Before he was the United States’ top lawyer and congressional Republicans’ favorite punching bag, Eric Holder was a partner at a top D.C. law firm.
Now, after serving longer as attorney general than he wanted (remember, that endless Loretta Lynch confirmation process?), Holder has returned to his former perch as partner at Covington and Burling.
In a statement Monday, Holder said it was like “coming home.” Holder was a partner there from 2001 to 2009 before joining the Obama administration, where he served for six years.
Covington is the largest law firm in the District, with about 500 Washington attorneys. It has hired a string of high-ranking Justice Department officials over the last couple years.
Holder, doing the media rounds, spoke briefly with the Loop on Monday morning about his new job, missing the AG gig and not missing certain unnamed congressional Republicans (but we all know who they are.)
His official new job description describes vaguely that he’ll work on “complex investigations and litigation matters.” He said that will include the intersection of business and public policy, and matters ranging from antitrust to taxes.
As attorney general, he said he learned that mostly corporations “are trying to do the right thing, but often they operate in an advice vacuum where they seek counsel too late.” That’s where he hopes to be most effective, stepping in before Covington’s clients do the wrong thing.
In an interview with the National Law Journal, Holder said if Hillary Clinton became president and offered him a seat on the Supreme Court, he would turn it down, telling her, “Madame President, with all due respect, you need to pick somebody who’s a) younger and b) who’s a lot more interested.”
Holder reiterated to us that he would focus the rest of his professional life at Covington.
“I think in terms of public service I’ve done all I’ve wanted to do,” he said. He also still plans to open a separate institute on race relations sometime this fall.
Holder said he has missed the job in recent weeks during major news events like the Charleston shooting (it spurred him to join Twitter) and the Supreme Court decision on same sex marriage. “It’s hard to look at those things and not be a part of them,” he said.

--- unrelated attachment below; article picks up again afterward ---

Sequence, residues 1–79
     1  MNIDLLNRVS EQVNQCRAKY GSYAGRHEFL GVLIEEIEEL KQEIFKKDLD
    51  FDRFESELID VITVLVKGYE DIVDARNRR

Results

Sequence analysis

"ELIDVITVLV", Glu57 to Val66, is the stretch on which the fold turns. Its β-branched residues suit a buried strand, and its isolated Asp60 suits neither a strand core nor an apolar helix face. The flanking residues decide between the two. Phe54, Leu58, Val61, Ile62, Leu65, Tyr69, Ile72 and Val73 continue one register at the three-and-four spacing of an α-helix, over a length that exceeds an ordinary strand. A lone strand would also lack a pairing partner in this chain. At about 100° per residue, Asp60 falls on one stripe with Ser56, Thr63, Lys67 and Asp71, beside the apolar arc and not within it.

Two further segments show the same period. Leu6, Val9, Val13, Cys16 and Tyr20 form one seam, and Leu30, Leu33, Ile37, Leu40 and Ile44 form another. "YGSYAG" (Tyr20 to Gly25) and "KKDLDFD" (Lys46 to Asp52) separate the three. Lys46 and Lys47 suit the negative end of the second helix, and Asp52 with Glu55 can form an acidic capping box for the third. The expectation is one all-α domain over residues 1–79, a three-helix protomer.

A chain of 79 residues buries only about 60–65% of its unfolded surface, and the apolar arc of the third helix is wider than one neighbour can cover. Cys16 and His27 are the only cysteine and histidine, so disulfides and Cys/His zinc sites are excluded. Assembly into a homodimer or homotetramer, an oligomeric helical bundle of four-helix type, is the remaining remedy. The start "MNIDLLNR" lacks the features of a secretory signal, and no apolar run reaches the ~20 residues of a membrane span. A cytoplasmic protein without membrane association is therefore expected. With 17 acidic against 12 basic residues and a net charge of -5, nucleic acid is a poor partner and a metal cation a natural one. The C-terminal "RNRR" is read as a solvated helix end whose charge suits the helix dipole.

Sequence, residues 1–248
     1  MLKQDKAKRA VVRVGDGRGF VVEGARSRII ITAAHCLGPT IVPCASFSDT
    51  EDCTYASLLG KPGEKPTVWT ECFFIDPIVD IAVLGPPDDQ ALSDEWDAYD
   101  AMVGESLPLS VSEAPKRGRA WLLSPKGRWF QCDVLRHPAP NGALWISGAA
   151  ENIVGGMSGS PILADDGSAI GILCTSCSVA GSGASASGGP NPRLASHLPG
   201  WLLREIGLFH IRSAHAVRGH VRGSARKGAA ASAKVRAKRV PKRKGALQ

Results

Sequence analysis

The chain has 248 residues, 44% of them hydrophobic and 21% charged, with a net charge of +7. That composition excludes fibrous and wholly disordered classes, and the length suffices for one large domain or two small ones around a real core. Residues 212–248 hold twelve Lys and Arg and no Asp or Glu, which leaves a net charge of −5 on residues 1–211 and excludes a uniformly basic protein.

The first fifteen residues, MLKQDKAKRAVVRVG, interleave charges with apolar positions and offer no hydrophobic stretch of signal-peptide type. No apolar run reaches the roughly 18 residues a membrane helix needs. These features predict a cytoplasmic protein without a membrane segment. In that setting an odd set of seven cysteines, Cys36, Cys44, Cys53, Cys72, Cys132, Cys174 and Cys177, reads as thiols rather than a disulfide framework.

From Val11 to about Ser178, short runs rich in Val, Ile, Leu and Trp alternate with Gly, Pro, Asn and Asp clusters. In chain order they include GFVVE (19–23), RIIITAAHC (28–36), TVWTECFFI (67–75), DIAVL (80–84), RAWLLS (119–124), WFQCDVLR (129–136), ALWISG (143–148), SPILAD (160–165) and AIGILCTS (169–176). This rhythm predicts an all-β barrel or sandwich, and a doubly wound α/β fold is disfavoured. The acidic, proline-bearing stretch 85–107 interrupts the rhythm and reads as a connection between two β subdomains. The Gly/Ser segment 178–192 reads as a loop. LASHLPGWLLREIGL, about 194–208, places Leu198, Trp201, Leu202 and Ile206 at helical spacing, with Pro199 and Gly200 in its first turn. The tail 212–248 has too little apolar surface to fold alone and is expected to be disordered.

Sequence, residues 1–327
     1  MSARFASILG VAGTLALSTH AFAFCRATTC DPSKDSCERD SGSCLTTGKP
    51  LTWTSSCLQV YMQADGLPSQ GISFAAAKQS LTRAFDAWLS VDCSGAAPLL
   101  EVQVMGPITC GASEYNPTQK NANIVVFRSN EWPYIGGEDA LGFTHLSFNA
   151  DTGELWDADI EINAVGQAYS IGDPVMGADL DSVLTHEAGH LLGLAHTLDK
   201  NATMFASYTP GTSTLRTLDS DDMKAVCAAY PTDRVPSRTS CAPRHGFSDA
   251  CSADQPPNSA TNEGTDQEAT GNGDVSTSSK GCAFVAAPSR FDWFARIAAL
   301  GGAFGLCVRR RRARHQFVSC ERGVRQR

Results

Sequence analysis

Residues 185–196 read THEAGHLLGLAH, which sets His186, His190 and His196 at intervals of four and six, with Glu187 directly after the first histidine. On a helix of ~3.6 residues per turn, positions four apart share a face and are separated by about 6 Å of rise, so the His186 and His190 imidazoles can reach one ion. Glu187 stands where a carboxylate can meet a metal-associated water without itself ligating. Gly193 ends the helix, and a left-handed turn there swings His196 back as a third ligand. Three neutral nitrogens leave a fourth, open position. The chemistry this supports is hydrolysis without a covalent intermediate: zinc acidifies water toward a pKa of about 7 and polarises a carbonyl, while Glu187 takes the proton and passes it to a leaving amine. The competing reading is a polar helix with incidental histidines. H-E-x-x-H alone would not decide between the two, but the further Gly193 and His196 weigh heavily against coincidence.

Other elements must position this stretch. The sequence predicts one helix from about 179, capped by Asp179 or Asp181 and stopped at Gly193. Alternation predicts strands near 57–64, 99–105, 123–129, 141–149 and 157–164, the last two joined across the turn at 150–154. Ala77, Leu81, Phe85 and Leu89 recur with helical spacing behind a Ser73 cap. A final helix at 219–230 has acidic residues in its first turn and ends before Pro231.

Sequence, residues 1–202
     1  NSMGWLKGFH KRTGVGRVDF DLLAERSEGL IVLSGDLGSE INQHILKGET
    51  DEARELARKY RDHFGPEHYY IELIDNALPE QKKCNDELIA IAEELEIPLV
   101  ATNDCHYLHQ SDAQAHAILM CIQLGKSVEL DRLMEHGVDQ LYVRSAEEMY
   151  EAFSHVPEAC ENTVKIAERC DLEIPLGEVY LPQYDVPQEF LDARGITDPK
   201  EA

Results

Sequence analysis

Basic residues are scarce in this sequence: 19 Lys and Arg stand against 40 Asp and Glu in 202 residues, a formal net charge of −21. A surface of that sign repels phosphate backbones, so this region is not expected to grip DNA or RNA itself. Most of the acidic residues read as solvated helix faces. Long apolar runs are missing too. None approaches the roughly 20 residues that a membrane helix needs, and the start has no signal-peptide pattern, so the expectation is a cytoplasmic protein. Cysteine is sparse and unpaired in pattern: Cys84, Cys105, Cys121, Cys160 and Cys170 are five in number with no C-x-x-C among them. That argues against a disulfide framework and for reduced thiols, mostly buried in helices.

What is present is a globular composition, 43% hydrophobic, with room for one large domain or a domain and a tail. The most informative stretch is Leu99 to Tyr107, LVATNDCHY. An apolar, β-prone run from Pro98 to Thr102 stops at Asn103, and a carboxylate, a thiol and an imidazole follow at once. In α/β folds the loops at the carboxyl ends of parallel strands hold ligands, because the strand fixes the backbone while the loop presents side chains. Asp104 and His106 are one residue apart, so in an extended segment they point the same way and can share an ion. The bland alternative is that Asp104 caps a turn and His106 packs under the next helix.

But he’s also used his post-AG time to unwind (learning the art of television binge watching series like “Homeland,” “House of Cards” and the first season of “True Detective”). He also read for pleasure again, instead of the presidential daily briefings.
“You miss it, and yet, that is very often where bad news resides and can have a negative impact on your day,” he said.
He also isn’t going to miss those interactions with Republicans in Congress, especially on the House side (ahem, Darrell Issa). He said many of them are perfectly collegial when having breakfast in his Justice office, but then “the lights go on and the cameras are there and their personalities change.”
But he said people would be surprised that there are some members with whom he had good relationships off camera. As examples, he named Sen. Rand Paul (R-Ky.) and Representatives Trey Gowdy (R-S.C.), Jason Chaffetz (R-Utah) and Lamar Smith (R-Tex.). (We’re pretty sure none of them would admit to that … )
There will be more insights on those relationships when he writes his book on his experience as attorney general. He said he’ll opine on his interactions with his biggest critics, and divulge some the feelings he had about them that he couldn’t quite say out loud while in the job.
“As attorney general, there is a certain level of decorum that you are supposed to adhere to,” he told us. “But my nature is: When people hit me, I want to hit back. That is not necessarily a productive thing in the congressional arena. The book will give me an opportunity to express myself more fully and in ways that I could not do as attorney general.”
Reserve us a copy.